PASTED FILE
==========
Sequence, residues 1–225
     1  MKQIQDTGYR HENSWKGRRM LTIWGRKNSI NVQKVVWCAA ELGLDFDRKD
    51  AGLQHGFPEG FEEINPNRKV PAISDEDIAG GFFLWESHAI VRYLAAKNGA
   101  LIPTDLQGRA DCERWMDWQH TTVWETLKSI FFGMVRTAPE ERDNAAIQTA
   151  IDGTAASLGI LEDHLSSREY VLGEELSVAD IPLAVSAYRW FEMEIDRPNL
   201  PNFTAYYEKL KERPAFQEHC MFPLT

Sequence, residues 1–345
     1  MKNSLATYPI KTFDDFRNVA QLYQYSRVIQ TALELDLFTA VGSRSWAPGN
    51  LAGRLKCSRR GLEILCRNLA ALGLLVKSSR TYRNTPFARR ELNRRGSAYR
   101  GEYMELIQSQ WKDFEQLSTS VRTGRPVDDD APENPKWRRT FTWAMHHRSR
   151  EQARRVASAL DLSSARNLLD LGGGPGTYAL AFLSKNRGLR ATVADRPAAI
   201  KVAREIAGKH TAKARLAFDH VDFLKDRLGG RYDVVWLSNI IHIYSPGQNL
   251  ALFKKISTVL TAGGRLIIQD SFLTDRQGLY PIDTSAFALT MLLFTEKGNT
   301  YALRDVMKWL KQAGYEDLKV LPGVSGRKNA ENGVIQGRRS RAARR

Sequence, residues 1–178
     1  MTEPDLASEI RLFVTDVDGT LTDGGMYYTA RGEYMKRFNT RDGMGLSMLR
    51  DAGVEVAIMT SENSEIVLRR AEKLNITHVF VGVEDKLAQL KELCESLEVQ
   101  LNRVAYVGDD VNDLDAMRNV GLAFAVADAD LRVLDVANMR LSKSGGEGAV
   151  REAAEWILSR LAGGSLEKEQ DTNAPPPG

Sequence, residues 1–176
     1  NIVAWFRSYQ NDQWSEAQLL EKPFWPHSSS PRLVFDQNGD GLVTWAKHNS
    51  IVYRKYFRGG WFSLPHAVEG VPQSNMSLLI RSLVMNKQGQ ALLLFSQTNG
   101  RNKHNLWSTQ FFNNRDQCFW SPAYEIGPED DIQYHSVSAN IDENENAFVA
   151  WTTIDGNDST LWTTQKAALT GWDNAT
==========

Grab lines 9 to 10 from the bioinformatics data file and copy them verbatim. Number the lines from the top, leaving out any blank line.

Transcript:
    51  LAGRLKCSRR GLEILCRNLA ALGLLVKSSR TYRNTPFARR ELNRRGSAYR
   101  GEYMELIQSQ WKDFEQLSTS VRTGRPVDDD APENPKWRRT FTWAMHHRSR